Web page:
Posts filed under ‘Infecciones cardio-vasculares’

Bartonella henselae Infective Endocarditis Detected by a Prolonged Blood Culture.

Intern Med. 2016;55(20):3065-3067. Epub 2016 Oct 15.

Mito T1, Hirota Y, Suzuki S, Noda K, Uehara T, Ohira Y, Ikusaka M.

Author information

1 Department of General Medicine, Chiba University Hospital, Japan.


A 65-year-old Japanese man was admitted with a 4-month history of fatigue and exertional dyspnea. Transthoracic echocardiography revealed a vegetation on the aortic valve and severe aortic regurgitation. Accordingly, infective endocarditis and heart failure were diagnosed. Although a blood culture was negative on day 7 after admission, a prolonged blood culture with subculture was performed according to the patient’s history of contact with cats. Consequently, Bartonella henselae was isolated. Bartonella species are fastidious bacteria that cause blood culture-negative infective endocarditis. This case demonstrates that B. henselae may be detected by prolonged incubation of blood cultures.


April 20, 2017 at 4:02 pm

Synergistic Interaction Between Phage Therapy and Antibiotics Clears Pseudomonas aeruginosa Infection in Endocarditis and Reduces Virulence

Journal of Infectious Diseases March 1, 2017

Frank Oechslin,1 Philippe Piccardi,1 Stefano Mancini,1 Jérôme Gabard,3 Philippe Moreillon,1 José M. Entenza,1 Gregory Resch,1 and Yok-Ai Que2 1 Department of Fundamental Microbiology, University of Lausanne, and  2 Department of Intensive Care Medicine, Bern University Hospital, Switzerland; and  3 Pherecydes Pharma, Romainville, France


Increasing antibiotic resistance warrants therapeutic alternatives. Here we investigated the efficacy of bacteriophage-therapy (phage) alone or combined with antibiotics against experimental endocarditis (EE) due to Pseudomonas aeruginosa, an archetype of difficult-to-treat infection.


In vitro fibrin clots and rats with aortic EE were treated with an antipseudomonas phage cocktail alone or combined with ciprofloxacin. Phage pharmacology, therapeutic efficacy, and resistance were determined.


In vitro, single-dose phage therapy killed 7 log colony-forming units (CFUs)/g of fibrin clots in 6 hours. Phage-resistant mutants regrew after 24 hours but were prevented by combination with ciprofloxacin (2.5 × minimum inhibitory concentration). In vivo, single-dose phage therapy killed 2.5 log CFUs/g of vegetations in 6 hours (P < .001 vs untreated controls) and was comparable with ciprofloxacin monotherapy. Moreover, phage/ciprofloxacin combinations were highly synergistic, killing >6 log CFUs/g of vegetations in 6 hours and successfully treating 64% (n = 7/11) of rats. Phage-resistant mutants emerged in vitro but not in vivo, most likely because resistant mutations affected bacterial surface determinants important for infectivity (eg, the pilT and galU genes involved in pilus motility and LPS formation).


Single-dose phage therapy was active against P. aeruginosa EE and highly synergistic with ciprofloxacin. Phageresistant mutants had impaired infectivity. Phage-therapy alone or combined with antibiotics merits further clinical consideration.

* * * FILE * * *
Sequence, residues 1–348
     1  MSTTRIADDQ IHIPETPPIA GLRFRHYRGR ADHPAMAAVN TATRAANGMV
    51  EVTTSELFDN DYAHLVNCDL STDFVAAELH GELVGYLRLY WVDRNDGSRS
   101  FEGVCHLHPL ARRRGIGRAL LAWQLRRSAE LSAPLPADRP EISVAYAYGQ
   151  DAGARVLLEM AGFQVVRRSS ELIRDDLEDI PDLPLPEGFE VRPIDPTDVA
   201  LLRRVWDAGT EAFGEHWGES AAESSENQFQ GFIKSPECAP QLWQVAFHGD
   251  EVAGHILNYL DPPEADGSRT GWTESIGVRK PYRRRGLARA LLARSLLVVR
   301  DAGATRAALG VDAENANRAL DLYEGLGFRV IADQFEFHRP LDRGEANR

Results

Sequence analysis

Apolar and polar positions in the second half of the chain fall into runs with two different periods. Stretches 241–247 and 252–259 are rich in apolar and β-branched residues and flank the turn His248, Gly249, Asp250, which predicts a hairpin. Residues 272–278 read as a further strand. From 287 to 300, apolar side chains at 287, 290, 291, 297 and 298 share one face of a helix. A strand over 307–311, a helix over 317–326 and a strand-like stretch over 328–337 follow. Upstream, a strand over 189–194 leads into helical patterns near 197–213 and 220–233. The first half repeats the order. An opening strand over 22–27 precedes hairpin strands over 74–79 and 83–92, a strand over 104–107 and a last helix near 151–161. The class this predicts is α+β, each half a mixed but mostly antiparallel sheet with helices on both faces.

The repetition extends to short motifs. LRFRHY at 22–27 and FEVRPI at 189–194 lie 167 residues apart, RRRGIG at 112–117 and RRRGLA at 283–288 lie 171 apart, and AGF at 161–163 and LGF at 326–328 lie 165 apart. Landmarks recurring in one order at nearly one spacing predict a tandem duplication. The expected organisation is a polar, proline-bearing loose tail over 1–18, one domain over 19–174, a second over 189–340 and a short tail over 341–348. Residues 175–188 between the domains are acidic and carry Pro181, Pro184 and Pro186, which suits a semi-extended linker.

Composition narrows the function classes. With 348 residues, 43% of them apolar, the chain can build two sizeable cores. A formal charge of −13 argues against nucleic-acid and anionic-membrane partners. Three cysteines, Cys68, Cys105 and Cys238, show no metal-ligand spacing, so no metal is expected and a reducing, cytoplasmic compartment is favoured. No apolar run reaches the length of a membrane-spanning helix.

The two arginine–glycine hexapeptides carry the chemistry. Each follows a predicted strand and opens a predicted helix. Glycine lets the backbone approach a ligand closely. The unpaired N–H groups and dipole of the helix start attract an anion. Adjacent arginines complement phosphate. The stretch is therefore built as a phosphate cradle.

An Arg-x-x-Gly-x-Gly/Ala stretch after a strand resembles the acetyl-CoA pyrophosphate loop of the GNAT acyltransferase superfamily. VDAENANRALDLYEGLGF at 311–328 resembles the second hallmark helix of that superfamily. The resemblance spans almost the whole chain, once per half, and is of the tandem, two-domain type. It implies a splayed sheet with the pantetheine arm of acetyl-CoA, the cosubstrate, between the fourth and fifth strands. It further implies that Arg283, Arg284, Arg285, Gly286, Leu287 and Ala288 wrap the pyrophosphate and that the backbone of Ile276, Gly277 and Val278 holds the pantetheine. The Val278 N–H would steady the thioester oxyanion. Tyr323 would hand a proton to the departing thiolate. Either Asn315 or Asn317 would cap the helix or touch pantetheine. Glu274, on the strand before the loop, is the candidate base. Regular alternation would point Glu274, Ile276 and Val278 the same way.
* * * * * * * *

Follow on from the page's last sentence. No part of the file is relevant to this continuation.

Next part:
April 14, 2017 at 10:02 am

Mycobacterium goodii: A Case Report and Review of the Literature

Infectious Diseases in Clinical Practice March 2017 V.25 N.2 P.62-65

Salas, Natalie Mariam; Klein, Nicole

Mycobacterium goodii, a rapidly growing nontuberculous mycobacterium, is an emerging pathogen in nosocomial infections.

Its inherent resistance patterns make it a challenging organism to treat, and delays in identification can lead to poor outcomes.

We present a case of cardiac device pocket infection with M. goodii, complicated by both antibiotic resistance and drug reactions that highlight the challenges faced by clinicians trying to eradicate these infections.

We also present a brief review of the English literature surrounding this disease, including a table of all reported cases of M. goodii infections and their outcomes to act as guide for clinicians formulating treatment plans for these infections.

A clear understanding of diagnostic methods and treatment caveats is essential to curing infections caused by these organisms.



February 28, 2017 at 5:05 pm

REVISION – Bacteriemia en el paciente crıtico

Med Intensiva. 2009;33(7):336–345

Sabatier, R. Peredo y J. Valles

Centro de Críticos, Hospital de Sabadell, Institut Universitari Parc Taul´ı, UAB, CIBER de Enfermedades Respiratorias, España

La bacteriemia es, junto con la neumoníıa asociada a la ventilación mecánica, la infeccion nosocomial mas frecuente en los pacientes crıticos y se asocia a una importante morbimortalidad. La principal causa de bacteriemia en estos pacientes son los cateteres intravasculares y,  por consiguiente, los microorganismos grampositivos se equiparan en frecuencia a los microorganismos gramnegativos como causantes de estas infecciones. Ademas, y con una frecuencia cada vez mas elevada, en muchas ocasiones estos microorganismos son multirresistentes, lo que dificulta la eleccion del tratamiento antibiotico empırico.

Tambien las infecciones graves adquiridas en la comunidad representan una parte importante de los pacientes que por inestabilidad hemodinamica o disfuncion organica requieren ingreso en la unidad de cuidados intensivos. Una parte importante presenta tambien bacteriemia, y representa aproximadamente un 30% del global de las bacteriemias de los pacientes crıticos. En estos casos mas de un 70% se manifiesta como sepsis grave o shock septico, y se acompañan tambien de una significativa mortalidad.

Ademas, recientemente se ha diferenciado a una poblacion de pacientes con infecciones adquiridas en la comunidad, pero que tienen algun contacto reciente o intermitente con algun tipo de asistencia sanitaria que presentan unas caracterısticas especıficas y equiparables en muchas ocasiones a las infecciones nosocomiales que deberıan tenerse en cuenta en el momento de la eleccion del tratamiento antibiotico empırico.